EVs all have lithium ion batteries that are very energy intensive to manufacture. Because of that, EVs are responsible for between 15 and 70% more emissions during production, depending primarily on the size of the battery pack. But once the cars hit the road, they begin to make up that lost ground because electricity is generally a cleaner energy source than gasoline.

News flash: Volvo announced in July that it will make only electric vehicle (EV) and hybrid automobiles starting in the 2019 model year.

On average, the total emissions of an all-electric EV will equal that of its gas-powered brethren within six to eighteen months and will continue to outpace gas powered cars for its entire life.

The emissions for plug-in hybrid EVs varies significantly depending on the amount of driving done in all-electric mode compared to the gas engine.  For comparison, a Prius Prime, a plug-in hybrid, on average, emits 141 gm of CO2 per mile. A similar sized gasoline powered sedan emits 381 gm of CO2 per mile. An all-electric Nissan Leaf emits 103 gm of CO2 per mile in California. All those emissions are due to the emissions from power production.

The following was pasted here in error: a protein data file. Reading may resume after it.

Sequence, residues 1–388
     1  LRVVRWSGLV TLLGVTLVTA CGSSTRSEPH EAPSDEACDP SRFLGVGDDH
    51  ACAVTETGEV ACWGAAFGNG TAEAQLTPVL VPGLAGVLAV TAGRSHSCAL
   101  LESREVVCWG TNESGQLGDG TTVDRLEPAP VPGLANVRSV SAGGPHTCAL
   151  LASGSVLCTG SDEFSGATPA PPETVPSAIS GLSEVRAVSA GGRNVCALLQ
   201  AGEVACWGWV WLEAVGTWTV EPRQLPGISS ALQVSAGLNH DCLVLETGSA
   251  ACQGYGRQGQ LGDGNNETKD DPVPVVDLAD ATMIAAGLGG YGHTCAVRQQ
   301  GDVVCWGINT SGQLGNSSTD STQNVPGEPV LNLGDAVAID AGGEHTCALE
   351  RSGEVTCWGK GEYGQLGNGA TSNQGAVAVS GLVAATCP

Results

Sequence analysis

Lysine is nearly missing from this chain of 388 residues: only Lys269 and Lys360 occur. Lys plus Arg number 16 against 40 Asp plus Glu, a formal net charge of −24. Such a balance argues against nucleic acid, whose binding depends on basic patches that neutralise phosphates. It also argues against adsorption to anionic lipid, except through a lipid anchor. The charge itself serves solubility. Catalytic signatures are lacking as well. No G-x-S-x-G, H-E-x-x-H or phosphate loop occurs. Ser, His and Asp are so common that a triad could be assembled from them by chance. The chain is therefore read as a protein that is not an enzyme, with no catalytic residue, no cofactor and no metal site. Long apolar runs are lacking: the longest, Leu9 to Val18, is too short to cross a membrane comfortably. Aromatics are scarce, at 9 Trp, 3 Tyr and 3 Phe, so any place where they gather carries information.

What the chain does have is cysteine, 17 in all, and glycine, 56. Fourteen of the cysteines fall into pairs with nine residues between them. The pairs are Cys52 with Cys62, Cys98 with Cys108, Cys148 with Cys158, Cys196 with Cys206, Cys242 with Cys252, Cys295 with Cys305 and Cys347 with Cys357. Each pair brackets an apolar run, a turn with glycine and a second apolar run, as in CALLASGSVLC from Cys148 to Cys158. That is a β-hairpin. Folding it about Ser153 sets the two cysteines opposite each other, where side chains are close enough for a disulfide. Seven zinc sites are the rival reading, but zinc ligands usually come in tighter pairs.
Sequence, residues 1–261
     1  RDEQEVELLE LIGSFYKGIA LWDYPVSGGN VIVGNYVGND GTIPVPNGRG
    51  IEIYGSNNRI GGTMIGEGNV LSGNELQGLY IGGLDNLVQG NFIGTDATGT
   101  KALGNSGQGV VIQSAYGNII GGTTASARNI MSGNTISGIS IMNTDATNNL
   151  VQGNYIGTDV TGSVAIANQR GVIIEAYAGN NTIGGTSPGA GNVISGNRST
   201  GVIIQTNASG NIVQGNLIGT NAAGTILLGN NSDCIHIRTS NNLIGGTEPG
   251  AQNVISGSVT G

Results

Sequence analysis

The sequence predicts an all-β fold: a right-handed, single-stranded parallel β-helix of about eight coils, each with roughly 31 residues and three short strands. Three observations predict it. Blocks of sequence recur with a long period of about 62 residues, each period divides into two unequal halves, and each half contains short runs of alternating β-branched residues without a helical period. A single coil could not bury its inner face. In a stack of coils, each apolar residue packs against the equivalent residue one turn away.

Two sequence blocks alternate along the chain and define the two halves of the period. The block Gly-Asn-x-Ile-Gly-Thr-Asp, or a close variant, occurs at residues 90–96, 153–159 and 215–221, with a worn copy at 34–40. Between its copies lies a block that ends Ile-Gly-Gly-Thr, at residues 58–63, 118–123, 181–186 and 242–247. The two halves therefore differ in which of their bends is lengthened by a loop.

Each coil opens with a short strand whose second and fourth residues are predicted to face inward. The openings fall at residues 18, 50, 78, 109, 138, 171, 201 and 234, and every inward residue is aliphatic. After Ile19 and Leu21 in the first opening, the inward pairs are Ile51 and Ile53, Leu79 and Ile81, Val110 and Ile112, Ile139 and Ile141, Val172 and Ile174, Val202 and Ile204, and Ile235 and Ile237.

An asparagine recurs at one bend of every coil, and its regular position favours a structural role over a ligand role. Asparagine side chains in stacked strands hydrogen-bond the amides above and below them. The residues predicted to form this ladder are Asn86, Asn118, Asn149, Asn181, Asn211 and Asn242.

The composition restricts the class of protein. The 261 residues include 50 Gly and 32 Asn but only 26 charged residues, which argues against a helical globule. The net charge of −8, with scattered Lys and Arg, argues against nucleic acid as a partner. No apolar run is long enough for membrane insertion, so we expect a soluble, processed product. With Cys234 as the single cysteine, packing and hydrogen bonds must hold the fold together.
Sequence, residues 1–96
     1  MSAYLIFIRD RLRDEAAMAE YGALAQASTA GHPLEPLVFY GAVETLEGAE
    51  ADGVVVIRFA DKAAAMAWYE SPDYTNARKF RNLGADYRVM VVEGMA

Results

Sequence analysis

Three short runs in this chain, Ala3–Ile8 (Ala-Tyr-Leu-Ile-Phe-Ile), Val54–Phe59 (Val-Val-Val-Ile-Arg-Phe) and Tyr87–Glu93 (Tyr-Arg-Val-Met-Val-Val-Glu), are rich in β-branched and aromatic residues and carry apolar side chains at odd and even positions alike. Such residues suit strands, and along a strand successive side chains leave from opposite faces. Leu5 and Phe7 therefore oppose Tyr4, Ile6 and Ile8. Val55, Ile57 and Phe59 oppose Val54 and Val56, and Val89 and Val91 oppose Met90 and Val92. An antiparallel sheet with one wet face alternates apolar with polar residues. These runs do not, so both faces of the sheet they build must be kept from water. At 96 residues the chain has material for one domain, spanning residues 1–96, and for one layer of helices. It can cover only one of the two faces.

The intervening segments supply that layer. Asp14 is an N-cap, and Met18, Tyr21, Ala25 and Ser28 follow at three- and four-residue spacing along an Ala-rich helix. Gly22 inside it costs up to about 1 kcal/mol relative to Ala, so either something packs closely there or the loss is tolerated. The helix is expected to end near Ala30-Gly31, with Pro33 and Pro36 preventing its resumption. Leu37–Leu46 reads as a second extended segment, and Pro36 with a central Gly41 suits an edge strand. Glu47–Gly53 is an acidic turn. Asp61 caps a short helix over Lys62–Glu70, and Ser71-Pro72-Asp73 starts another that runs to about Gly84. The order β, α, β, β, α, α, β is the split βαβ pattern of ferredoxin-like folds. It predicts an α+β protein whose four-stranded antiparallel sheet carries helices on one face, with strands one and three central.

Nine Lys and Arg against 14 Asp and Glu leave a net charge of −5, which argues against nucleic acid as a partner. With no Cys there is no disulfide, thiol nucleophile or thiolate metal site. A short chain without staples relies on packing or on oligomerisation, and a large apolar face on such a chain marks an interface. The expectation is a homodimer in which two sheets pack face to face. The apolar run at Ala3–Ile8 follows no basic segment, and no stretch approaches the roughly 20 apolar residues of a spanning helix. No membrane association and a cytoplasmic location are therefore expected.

A gasoline powered car in California would need to get 87 miles per gallon to equal the emissions per mile of an all-electric EV.

The emissions caused by the recycling and disposal of an EV compared with a gas-powered automobile are comparable. However, there is little capacity currently to recycle EV batteries. As they become more common, the availability and economics of recycling should improve. There are also plans to utilize used EV batteries in other applications where the demands are less. Extending the life in that way should reduce the overall environmental impact of their production.